Blood Sport

I know, I know. After nine solid years of at least monthly blog entries, I’ve suddenly skipped a couple of months. Call it my summer vacation — seventeen days of which were spent (or wasted) watching the summer games. I’m more of a winter games guy, and I’m not usually drawn to the spectacle of people running and jumping and lifting heavy things in the July and August heat. But after tuning in to see what Danny Boyle did with the opening ceremonies, I was hooked by the craptacular spectacle of it all and couldn’t turn away. By the time the key allegorical centrepiece was over — a tribute to industry’s triumph over the natural world as I interpreted it (suck it, nature!) — I was hooked. Then it only got more awesome with Paul McCartney singing the interminable “Hey, Jude” while Ringo Starr sat at home, watching it on the telly, crying into a pint, and mumbling “I wuz a Beatle, too” to himself. This was followed by a solid hour and a bit of international athletes in The Parade of the Silly Hats. Marvelous. But I can’t say I really cared for the queen’s lauded acting debut opposite Daniel Craig as James Bond. They could have done so much more with the concept. It’s James Bond fer chrissake. He’d totally give Liz a good shag for Queen and Country, but mostly for Queen. Mr. Bond, you disappoint me. After nearly sixty years On Her Majesty’s Secret Service you deserve to get In Her Majesty’s Secret Orifice. Just close your eyes and think of England. And if that doesn’t work, just close your eyes and pretend Helen Mirren is still playing Her Royal Highness.

The Olympics are all about blood, sweat and tears. Emphasis on the blood. Sweat and tears are fine, but they’re just salt water and they don’t sell as many tickets. I was struck by how bloody this round of the Olympics were — like somebody decided they needed to compete with The Hunger Games for the attention of the next generation of sports fans. There were all sorts of open wounds and gushing crimson to behold, whether it was judo competitors bleeding all over each others’ nice white robes or an eight-lady pileup on the streets of London when some runners hit a particularly slick patch of wet road. When there were no open veins or spurting arteries to behold, the commentators all seemed to take particular delight in describing how painful every event was. Whether it was chucking a javelin or rowing a boat, they wanted us to know that every muscle in these seasoned athletes was screaming out in unspeakable agony from the moment they did a few warm-up stretches to their post-games shower and oily rub-down. And let’s not remind ourselves of the brutality of having to lug home all those impossibly heavy medals in their carry-on luggage. Michael Phelps apparently gave himself a career-ending injury trying to carry his haul onto the plane. Why else would this be his last Olympics?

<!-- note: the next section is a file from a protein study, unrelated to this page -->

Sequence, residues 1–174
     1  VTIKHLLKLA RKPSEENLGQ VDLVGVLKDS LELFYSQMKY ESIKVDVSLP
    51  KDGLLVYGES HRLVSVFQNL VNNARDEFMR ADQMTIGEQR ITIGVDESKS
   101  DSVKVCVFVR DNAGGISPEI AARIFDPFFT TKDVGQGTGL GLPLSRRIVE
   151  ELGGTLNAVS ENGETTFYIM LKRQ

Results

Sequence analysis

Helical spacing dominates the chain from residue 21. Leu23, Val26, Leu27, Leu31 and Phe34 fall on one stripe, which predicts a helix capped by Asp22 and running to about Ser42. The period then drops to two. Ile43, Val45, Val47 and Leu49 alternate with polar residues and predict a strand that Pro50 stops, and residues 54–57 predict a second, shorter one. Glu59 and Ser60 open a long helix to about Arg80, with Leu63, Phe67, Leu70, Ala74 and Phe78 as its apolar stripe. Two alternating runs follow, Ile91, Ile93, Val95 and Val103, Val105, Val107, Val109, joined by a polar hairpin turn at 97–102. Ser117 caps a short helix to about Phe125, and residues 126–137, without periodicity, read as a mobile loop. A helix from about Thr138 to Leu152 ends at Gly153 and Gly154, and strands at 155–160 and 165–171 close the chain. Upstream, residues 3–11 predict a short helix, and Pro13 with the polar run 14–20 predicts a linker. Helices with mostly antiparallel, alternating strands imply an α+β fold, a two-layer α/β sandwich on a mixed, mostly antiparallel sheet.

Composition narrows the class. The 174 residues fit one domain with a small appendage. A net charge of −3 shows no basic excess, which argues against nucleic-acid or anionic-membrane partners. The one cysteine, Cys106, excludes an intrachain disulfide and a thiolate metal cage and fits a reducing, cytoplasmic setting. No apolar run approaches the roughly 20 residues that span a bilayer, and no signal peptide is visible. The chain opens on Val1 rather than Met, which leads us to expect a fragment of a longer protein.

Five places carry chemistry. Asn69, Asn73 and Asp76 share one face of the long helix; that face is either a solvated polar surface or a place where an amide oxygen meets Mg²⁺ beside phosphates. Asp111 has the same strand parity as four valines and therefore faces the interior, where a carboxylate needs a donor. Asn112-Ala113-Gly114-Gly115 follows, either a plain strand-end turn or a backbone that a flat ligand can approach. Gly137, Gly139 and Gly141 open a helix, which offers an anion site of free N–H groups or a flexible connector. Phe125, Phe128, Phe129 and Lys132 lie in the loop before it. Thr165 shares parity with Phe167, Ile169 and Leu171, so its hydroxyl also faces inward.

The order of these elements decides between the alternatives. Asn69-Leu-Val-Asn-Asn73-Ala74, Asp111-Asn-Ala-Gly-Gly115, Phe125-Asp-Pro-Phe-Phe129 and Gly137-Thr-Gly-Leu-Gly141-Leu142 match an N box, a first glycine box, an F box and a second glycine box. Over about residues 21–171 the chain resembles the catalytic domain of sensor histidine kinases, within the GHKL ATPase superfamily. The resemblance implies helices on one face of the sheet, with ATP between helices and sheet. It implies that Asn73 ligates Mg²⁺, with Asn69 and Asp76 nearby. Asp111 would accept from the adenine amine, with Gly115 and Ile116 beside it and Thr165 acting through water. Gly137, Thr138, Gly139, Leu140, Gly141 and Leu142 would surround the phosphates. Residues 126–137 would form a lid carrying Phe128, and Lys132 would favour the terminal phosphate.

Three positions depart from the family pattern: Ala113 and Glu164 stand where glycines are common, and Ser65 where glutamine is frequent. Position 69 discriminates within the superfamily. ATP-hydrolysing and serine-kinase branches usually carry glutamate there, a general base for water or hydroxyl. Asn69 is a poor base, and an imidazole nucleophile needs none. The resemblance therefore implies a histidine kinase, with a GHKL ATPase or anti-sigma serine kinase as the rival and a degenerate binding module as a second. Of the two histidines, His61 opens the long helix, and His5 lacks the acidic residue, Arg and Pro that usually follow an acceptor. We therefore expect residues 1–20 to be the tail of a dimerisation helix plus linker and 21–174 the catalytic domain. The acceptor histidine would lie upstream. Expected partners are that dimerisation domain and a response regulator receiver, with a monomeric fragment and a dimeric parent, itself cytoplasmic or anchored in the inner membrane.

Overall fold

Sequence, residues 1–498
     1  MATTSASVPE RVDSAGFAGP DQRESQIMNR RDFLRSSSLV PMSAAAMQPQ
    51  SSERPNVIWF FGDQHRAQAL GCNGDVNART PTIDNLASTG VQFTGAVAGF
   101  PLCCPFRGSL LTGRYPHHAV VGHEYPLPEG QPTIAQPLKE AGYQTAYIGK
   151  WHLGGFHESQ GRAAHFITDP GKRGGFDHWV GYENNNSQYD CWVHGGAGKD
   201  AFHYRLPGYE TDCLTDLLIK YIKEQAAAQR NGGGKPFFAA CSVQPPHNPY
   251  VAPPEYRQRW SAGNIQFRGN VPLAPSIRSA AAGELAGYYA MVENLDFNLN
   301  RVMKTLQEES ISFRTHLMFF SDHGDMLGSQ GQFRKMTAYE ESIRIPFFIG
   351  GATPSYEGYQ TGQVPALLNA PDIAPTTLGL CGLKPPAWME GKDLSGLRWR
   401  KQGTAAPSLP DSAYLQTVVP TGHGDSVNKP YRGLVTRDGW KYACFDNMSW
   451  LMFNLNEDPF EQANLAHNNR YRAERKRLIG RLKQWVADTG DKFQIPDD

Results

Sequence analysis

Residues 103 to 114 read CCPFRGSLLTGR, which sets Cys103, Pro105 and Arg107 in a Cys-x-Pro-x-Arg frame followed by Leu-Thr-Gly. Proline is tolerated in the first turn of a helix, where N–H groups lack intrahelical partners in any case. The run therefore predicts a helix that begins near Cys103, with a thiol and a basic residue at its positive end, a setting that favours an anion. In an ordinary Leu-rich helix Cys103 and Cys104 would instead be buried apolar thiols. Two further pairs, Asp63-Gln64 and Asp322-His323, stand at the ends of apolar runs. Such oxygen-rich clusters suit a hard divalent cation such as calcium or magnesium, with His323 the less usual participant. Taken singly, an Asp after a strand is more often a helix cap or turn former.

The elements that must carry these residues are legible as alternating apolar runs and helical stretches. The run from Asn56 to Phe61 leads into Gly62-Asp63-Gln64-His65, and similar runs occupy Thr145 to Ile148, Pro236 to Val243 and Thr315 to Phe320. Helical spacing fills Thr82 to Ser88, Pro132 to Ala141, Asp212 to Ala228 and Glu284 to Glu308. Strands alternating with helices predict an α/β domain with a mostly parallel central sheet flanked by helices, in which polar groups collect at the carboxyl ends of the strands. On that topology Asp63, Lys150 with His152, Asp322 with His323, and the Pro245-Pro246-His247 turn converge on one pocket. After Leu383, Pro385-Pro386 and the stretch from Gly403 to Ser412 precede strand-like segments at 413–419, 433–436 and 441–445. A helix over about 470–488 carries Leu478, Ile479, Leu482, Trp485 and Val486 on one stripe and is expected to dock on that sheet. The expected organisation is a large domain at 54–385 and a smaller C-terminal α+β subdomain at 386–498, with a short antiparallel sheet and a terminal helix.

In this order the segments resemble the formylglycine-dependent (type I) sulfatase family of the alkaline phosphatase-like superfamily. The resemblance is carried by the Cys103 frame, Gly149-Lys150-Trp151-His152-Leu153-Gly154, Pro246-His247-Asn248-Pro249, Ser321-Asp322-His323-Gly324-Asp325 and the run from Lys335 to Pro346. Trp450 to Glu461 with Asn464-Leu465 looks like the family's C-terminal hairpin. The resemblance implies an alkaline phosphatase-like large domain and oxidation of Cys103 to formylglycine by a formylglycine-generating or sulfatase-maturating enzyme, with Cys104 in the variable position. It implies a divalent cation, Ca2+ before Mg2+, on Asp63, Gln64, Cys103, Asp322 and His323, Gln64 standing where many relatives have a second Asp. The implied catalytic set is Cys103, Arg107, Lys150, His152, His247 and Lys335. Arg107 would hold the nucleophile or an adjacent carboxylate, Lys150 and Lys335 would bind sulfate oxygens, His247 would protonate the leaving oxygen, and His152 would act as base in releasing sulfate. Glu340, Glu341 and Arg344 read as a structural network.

Yes, it was the Torture Porn of sporting events. At least, that’s how it was promoted by our media. Perhaps it was their way to reassure fat, unhealthy North Americans that they really wouldn’t want to be fit and trim anyway. Look at the horrible agony these poor specimens have to put themselves through in order to have a slim shot at a hunk of metal that will often be won or lost within ten seconds flat following years or grueling training. Would you want to put yourself through anything resembling that in order to lose a few pounds? I didn’t think so. Now go support our nation’s competitors by having another Big Mac. Did we mention the 2012 Olympic Games were sponsored by McDonald’s, the breakfast, lunch and dinner of champions?

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